The Corner

Economy & Business

A Trump Trade and Economic Doctrine

President Trump speaks at a rally in Moon Township, Pa., March 10, 2018. (Joshua Roberts/Reuters)

If the Treasury Department’s recent semiannual report is any guide, the Trump administration still doesn’t quite get it when it comes to trade imbalances. “The US government has all the tools it needs to achieve balanced trade without risking a trade war,” writes Joseph Gagnon for the Peterson Institute for International Economics. But it is using one of the main tools — fiscal policy — the wrong way.

Part of the problem, according to Gagnon, is that the administration and the recent Treasury report both blame the deficit on other countries. For one, Trump likes to point to foreign trade barriers to U.S. exports, which definitely do exist but “have essentially no impact on the overall US balance of trade,” argues Gagnon.

In addition, Trump has also made an (at least rhetorical) enemy of currency manipulators, even though the Treasury report declined to classify any country as such and despite the fact that, although currency manipulation is a problem, it likely accounts for only one-fifth of the trade deficit, according to research by Gagnon and Tessa Morrison, also from the Peterson Institute for International Economics.

Finally, the Treasury report singles out China and Germany in particular for low spending at home, which suppresses their consumption of exports. That dynamic undoubtedly plays a role in the trade imbalance, but focusing on it leaves out the United States’ own poorly calibrated fiscal decision-making.

“It is long past time to replace the strong dollar policy with a balanced dollar policy aimed at minimizing global imbalances,” concludes Gagnon. “Such a policy would include stabilizing foreign exchange intervention and possibly taxing foreign capital inflows to minimize swings in the dollar’s exchange value that give rise to unsustainable trade imbalances.” Unfortunately, the Trump administration’s preferred path appears to be overheating the U.S. economy through fiscal expansion and tax cuts, which will lead a flush United States to buy even more exports and dig its trade hole even deeper.

Greg Ip of the Wall Street Journal has more on the relationship between budget deficits and trade deficits. Rather discouragingly, Larry Kudlow, the president’s chief economic adviser and a friend of National Review, has argued that there’s not much of a relationship between the two. But as Ip makes clear in his column, the evidence suggests otherwise. He cites a recent Goldman Sachs report, which, drawing on past experience, “found that all else equal, every $100 boost to the budget deficit because of policy decisions (as opposed to economic developments such as a recession) raises the trade deficit by $35.”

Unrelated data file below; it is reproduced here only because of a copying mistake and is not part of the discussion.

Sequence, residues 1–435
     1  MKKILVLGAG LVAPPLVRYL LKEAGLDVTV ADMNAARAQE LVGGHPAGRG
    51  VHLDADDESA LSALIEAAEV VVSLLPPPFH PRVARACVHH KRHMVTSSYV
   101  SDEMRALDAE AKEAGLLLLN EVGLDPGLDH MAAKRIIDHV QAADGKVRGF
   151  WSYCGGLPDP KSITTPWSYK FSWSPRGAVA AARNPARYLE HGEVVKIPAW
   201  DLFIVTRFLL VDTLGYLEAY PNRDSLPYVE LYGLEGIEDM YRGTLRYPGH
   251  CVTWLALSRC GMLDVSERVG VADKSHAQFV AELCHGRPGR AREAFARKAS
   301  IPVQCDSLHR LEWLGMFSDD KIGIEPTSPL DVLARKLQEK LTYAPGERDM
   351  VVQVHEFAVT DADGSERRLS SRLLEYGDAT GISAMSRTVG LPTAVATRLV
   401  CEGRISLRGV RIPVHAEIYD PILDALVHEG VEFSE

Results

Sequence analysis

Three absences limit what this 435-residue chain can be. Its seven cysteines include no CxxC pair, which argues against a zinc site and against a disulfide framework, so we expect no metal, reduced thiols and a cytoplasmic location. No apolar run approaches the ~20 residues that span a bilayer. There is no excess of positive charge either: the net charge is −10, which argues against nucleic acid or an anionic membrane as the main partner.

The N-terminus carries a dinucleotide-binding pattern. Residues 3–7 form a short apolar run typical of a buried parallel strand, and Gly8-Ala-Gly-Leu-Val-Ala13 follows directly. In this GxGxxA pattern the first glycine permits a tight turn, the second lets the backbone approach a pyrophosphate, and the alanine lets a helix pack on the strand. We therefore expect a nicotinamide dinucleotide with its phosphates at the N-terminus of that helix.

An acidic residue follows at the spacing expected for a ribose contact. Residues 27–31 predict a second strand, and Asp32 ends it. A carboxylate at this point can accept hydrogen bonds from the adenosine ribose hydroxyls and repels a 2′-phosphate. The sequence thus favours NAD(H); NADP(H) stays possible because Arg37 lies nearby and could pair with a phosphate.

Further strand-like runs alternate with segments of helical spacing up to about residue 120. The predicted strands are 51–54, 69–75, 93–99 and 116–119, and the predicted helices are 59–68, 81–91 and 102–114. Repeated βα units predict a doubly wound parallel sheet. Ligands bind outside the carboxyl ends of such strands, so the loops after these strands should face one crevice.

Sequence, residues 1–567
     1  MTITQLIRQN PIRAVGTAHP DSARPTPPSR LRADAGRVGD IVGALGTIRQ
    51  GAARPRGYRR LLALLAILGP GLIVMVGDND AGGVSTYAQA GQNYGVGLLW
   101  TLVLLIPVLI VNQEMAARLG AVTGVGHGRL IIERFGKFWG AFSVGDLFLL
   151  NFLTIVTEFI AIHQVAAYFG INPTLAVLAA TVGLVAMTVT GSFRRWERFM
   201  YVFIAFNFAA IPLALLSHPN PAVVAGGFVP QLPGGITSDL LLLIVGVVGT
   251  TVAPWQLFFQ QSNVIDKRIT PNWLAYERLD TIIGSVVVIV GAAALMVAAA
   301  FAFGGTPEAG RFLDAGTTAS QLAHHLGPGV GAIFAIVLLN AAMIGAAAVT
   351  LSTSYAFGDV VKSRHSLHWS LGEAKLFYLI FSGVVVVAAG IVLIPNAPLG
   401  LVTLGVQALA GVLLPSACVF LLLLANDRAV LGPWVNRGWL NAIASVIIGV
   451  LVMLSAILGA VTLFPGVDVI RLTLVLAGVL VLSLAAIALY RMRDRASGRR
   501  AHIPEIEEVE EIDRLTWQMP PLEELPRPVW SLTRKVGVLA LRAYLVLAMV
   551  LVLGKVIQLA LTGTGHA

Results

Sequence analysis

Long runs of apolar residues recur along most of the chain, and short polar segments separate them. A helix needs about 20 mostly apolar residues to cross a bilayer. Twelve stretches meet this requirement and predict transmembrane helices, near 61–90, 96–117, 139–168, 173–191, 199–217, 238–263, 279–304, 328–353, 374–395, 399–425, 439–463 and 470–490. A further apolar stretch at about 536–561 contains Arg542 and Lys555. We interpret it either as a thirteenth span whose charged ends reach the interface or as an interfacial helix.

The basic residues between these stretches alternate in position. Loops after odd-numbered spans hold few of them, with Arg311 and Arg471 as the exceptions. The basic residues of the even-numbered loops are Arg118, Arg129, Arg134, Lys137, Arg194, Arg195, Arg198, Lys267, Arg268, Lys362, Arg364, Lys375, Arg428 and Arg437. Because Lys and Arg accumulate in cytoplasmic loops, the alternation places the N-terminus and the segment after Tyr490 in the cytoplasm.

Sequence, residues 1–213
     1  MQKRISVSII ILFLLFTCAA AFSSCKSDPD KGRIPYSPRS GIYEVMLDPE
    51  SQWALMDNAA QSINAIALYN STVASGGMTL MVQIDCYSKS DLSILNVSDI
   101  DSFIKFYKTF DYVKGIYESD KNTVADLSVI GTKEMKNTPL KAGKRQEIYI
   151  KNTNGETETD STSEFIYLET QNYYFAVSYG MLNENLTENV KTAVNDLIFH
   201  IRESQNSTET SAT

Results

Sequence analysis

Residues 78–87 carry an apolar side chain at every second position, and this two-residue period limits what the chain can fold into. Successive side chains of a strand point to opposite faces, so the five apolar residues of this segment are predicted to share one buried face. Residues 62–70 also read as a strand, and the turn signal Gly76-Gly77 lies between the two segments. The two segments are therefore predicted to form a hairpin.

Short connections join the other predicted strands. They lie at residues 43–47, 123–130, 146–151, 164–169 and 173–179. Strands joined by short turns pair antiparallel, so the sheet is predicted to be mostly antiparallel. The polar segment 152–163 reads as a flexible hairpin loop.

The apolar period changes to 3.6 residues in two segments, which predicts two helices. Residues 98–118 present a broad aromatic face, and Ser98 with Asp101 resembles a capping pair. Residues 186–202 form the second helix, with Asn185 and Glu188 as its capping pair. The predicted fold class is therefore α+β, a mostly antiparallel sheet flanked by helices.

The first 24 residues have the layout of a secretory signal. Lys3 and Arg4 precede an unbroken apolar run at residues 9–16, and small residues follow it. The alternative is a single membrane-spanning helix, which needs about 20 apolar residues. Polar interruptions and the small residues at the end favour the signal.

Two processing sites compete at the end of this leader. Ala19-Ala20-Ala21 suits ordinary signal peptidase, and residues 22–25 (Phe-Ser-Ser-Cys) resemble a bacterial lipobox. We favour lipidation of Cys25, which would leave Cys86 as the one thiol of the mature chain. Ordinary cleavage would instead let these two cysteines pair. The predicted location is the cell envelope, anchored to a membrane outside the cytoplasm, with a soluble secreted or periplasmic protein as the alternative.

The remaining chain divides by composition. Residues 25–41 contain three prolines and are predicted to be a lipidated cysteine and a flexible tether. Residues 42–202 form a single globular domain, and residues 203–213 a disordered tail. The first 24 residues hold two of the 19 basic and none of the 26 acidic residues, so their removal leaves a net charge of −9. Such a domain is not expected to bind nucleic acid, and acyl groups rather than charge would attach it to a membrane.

If Gagnon and Ip are right, as I suspect they are, trade hawks really ought to be fiscal hawks. I’m torn, as I believe there is a case for “running the economy extra-hot,” for all the reasons Karl Smith of the Niskanen Center has outlined in Bloomberg View: Essentially, the post-crisis years have done a great deal of damage to the productive potential of the U.S. economy, and reversing its effects will require, for some time to come, more in the way of stimulus. One could argue that we will just have to grin and bear higher trade deficits.

Or perhaps we should do more to encourage the world’s surplus countries to do their part to boost global growth. Gagnon rightly observes that “improved social safety nets in China and Korea and infrastructure spending in Germany would meet internal needs and rebalance global trade at the same time.” Granted, there is not that much we can do to compel these countries to change course. But we can make calling on them to do right by their own citizens part of our ideological toolkit. Ronald Reagan succeeded in making life difficult for Soviet bloc leaders by demanding that they do right by their citizens. Perhaps Donald Trump can do the same by calling on Beijing and Berlin to adopt more worker-friendly policies — call it the Trump Doctrine.

For U.S. workers to flourish, we need our trading partners to allow their own workers to share in the fruits of rising prosperity. Admittedly, this would be playing against type: So far, the president hasn’t evinced much concern over whether Chinese or German workers are being given a fair shake. Nevertheless, the fact remains that for an America First agenda to succeed, it really is essential that the surplus countries boost their consumption. And this Trump Doctrine would greatly strengthen the president’s populist bona fides, which could use a boost in light of declining support for the recent GOP tax cut.

Reihan Salam is president of the Manhattan Institute and a contributing editor of National Review.

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